# Can one use Atiyah-Singer to prove that the Chern-Weil definition of Chern classes are $\mathbb{Z}$-cohomology classes?

In Chern-Weil theory, we choose an arbitrary connection $\nabla$ on a complex vector bundle $E\rightarrow X$, obtain its curvature $F_\nabla$, and then we get Chern classes of $E$ from the curvature form. A priori it looks like these live in $H^*(X;\mathbb{C})$, but by an argument that I don't feel like I really understand, they're in the image of $H^*(X;\mathbb{Z})$, which is where they're usually considered to actually live. I've also recently been learning about the Atiyah-Singer index theorem, and I get the impression that whenever I see a arbitrary constants in geometry that end up having to live in $\mathbb{Z}$ I should ask myself whether the index theorem is lurking in there somewhere. Is there anything to this wild guess?

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I'm not sure how often anyone gets to make a comment like this, but... this question might actually be more suited for MO than math.SE. :-) –  Jesse Madnick Apr 29 '11 at 21:00
(Of course others may feel differently. Certainly there are plenty of qualified people here who could answer your question. I just think any question referencing the Atiyah-Singer Index Theorem might be better suited to MO.) –  Jesse Madnick Apr 29 '11 at 21:01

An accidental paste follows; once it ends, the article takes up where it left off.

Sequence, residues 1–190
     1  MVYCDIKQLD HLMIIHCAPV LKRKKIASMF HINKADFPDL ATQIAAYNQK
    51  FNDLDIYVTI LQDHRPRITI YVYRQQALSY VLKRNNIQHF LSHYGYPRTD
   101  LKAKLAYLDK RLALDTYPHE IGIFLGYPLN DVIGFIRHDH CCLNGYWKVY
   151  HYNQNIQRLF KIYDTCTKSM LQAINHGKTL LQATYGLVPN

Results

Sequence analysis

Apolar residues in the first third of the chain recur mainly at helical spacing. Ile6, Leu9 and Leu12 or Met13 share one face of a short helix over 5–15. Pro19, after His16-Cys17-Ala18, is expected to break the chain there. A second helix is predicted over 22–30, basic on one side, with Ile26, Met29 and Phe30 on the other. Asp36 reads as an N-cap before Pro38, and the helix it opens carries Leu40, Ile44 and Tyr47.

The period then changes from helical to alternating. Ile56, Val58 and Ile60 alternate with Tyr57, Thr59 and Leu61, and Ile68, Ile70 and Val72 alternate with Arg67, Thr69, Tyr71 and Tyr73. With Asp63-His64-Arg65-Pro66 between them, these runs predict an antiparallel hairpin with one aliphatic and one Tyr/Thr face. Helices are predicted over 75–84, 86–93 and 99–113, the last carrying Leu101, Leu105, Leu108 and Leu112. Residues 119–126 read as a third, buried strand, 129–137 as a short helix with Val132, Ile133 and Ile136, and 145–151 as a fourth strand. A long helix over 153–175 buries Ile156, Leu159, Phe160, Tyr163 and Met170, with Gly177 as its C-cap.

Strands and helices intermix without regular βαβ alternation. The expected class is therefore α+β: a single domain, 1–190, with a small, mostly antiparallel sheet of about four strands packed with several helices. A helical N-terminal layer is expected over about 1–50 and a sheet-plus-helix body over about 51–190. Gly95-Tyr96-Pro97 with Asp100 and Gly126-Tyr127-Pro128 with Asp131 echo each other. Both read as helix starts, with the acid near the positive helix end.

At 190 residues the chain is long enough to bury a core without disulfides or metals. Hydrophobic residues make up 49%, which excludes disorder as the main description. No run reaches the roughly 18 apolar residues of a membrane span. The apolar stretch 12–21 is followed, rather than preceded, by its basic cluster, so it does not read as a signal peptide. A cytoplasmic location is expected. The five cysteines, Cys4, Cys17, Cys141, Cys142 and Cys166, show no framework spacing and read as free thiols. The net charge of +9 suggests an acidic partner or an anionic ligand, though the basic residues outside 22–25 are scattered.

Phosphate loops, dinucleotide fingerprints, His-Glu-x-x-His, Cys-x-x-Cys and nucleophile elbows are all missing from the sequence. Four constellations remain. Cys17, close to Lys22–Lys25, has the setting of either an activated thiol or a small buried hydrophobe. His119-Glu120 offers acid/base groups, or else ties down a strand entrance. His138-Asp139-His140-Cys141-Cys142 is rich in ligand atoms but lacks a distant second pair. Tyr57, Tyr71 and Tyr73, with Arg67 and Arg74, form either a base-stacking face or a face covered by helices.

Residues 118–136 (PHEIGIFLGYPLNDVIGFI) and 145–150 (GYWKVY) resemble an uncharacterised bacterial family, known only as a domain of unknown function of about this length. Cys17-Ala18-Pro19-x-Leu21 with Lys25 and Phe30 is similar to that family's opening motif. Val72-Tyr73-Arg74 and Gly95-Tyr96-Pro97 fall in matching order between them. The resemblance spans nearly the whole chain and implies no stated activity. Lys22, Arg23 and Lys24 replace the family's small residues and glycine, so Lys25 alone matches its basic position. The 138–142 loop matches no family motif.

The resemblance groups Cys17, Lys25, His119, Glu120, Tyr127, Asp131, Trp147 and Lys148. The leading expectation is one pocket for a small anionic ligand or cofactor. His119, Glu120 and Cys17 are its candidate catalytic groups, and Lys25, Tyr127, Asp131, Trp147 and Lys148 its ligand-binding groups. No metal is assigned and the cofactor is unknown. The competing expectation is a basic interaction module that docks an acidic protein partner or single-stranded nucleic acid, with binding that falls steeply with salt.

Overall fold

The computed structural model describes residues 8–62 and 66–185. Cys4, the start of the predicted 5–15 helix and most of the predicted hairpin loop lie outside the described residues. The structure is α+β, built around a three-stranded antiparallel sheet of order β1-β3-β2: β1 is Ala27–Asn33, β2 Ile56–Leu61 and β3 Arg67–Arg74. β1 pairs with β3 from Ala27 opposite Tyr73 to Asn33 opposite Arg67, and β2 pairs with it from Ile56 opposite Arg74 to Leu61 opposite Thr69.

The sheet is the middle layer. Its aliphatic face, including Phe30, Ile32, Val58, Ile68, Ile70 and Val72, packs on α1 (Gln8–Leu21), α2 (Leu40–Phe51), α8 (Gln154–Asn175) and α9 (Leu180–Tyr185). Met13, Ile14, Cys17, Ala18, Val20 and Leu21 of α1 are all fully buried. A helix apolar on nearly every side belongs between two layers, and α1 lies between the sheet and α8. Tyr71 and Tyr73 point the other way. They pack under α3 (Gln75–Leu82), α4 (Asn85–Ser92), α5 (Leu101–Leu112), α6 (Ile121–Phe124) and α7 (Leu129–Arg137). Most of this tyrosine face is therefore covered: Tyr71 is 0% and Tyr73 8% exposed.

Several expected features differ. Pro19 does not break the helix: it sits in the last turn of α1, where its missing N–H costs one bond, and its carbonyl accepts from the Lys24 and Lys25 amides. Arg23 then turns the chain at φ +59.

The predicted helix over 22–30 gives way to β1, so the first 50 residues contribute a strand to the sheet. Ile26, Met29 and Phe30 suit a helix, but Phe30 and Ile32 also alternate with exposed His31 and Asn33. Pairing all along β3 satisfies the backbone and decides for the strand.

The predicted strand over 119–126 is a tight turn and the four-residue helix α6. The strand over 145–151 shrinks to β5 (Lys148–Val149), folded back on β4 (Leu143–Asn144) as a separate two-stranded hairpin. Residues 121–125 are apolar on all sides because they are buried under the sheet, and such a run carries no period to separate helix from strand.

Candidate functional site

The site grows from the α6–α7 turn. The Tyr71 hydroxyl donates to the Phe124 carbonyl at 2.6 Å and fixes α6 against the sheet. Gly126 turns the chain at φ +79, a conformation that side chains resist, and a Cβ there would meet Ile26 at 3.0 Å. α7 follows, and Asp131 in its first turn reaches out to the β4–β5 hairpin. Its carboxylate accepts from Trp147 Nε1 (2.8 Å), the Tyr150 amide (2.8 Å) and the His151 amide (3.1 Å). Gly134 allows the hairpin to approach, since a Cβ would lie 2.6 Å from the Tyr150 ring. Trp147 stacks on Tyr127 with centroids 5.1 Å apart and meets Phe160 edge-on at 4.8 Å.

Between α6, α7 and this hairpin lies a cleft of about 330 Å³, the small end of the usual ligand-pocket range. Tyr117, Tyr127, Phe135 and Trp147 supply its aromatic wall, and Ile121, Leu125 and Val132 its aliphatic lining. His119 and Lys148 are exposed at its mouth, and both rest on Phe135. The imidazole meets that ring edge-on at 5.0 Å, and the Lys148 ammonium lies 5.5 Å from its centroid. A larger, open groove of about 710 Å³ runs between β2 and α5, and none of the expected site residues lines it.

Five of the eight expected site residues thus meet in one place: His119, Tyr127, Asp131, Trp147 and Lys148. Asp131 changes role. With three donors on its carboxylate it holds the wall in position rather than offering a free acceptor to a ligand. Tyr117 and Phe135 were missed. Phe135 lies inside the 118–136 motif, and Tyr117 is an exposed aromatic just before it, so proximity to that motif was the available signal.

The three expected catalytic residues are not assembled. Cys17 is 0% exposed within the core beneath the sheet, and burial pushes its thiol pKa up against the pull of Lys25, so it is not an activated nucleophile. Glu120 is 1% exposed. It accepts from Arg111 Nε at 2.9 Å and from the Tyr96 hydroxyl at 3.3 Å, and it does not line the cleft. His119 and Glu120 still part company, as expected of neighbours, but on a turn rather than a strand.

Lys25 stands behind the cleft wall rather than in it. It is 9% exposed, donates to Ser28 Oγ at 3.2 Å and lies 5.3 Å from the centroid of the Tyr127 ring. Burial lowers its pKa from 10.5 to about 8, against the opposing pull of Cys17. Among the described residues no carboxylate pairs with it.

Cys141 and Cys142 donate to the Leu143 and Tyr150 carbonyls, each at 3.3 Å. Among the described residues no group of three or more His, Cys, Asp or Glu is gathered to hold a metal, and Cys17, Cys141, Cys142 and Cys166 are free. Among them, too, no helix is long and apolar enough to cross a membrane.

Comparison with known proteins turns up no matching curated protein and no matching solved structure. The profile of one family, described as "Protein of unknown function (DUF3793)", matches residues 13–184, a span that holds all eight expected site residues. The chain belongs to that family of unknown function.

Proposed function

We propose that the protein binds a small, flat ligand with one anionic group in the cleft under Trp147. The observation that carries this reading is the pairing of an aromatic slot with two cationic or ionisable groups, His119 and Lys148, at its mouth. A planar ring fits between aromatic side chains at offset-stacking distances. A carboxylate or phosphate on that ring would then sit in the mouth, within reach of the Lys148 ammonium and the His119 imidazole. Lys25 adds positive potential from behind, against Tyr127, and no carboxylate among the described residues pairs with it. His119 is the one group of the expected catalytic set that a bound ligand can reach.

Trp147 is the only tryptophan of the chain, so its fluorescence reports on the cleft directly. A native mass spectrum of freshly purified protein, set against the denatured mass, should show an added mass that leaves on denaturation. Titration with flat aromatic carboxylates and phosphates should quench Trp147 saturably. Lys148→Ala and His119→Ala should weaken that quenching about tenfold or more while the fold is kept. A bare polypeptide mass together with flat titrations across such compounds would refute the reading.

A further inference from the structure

I think Jesse is right. An expert's answer to your question could help other non-experts in understanding the Atiyah-Singer theorem, and such an answer would better serve and interest the MO readers than the M.SE ones. Atiyah-Singer is strong voodoo, after all. –  Gunnar Magnusson Apr 29 '11 at 22:24
@Eric: Certainly there's the algebraic topology proof (or even definition, really) that these are $\mathbb{Z}$-classes, but I saw an analytic argument in one my of lectures the other day that had nothing to do with classifying spaces or normalization. I think it's really cool when the same story can be carried all the way through in two such distinct settings. –  Aaron Mazel-Gee May 2 '11 at 17:14
@Eric: The case of line bundles is Proposition 4.4.12 in Huybrechts' book, which just chases through the Cech-de Rham complex. I think the proof in my class was different, but maybe it was essentially equivalent. I'll try to find someone who took notes that day... –  Aaron Mazel-Gee May 5 '11 at 9:20